Sharp's thin LCD in a race with time

It's far thinner than today's LCDs, but other technologies loom.

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It's taken awhile, but that whole thin-vs.-thick thing between LCD and plasma TVs will soon be a thing of the past at this rate. The most extreme example of the LCD crash diet is a prototype that Sharp is reportedly calling the "future of television."

The reason for the boast is in the numbers: A 52-inch screen with a contrast ratio of 100,000:1 that weighs 55 pounds and measures only 20 millimeters thick (about 0.78 inches), about 80 percent thinner than most LCDs of that size on the market today. And just for good measure, it supposedly uses a lot less power too.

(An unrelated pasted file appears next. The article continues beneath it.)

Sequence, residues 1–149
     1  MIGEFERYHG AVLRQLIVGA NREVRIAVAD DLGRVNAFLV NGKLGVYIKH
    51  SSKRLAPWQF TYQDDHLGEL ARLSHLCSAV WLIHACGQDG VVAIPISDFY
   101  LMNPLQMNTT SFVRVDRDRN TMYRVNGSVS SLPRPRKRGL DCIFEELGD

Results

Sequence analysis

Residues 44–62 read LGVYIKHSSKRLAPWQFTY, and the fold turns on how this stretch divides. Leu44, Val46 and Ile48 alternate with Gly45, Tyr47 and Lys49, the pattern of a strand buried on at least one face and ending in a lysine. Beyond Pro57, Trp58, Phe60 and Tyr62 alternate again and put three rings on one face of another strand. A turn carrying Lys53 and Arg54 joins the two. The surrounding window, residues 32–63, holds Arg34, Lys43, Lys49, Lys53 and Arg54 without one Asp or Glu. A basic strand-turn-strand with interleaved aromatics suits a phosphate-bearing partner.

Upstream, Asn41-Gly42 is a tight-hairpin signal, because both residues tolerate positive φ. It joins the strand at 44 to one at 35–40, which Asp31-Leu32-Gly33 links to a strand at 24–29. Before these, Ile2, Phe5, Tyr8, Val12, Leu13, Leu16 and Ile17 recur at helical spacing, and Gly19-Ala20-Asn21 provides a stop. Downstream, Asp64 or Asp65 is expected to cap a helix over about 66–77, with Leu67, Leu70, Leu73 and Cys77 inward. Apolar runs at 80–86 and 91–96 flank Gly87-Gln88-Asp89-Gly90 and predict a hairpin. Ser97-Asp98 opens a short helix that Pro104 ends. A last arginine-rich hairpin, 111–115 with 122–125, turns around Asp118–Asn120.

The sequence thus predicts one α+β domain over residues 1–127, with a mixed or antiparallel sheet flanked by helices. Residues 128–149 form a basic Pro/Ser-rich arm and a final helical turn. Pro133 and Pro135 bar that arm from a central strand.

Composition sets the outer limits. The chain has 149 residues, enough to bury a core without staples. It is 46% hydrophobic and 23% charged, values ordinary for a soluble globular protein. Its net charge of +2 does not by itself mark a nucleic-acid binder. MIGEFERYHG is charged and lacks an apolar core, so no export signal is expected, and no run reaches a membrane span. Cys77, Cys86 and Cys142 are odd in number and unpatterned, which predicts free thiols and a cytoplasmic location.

But the biggest obstacle may be time: Sharp says it's not scheduled to produce these until 2010. In the meantime, other manufacturers are working on competing technologies that could make this TV look like a Jenny Craig "before" ad. A few months ago, for example, Sony showed off a 9-millimeter OLED screen, and Toshiba says it's working on its own version as well. By that time, we may all be watching TVs wrapped around our wrists .

About the author

    Mike Yamamoto is an executive editor for CNET News.com.

     

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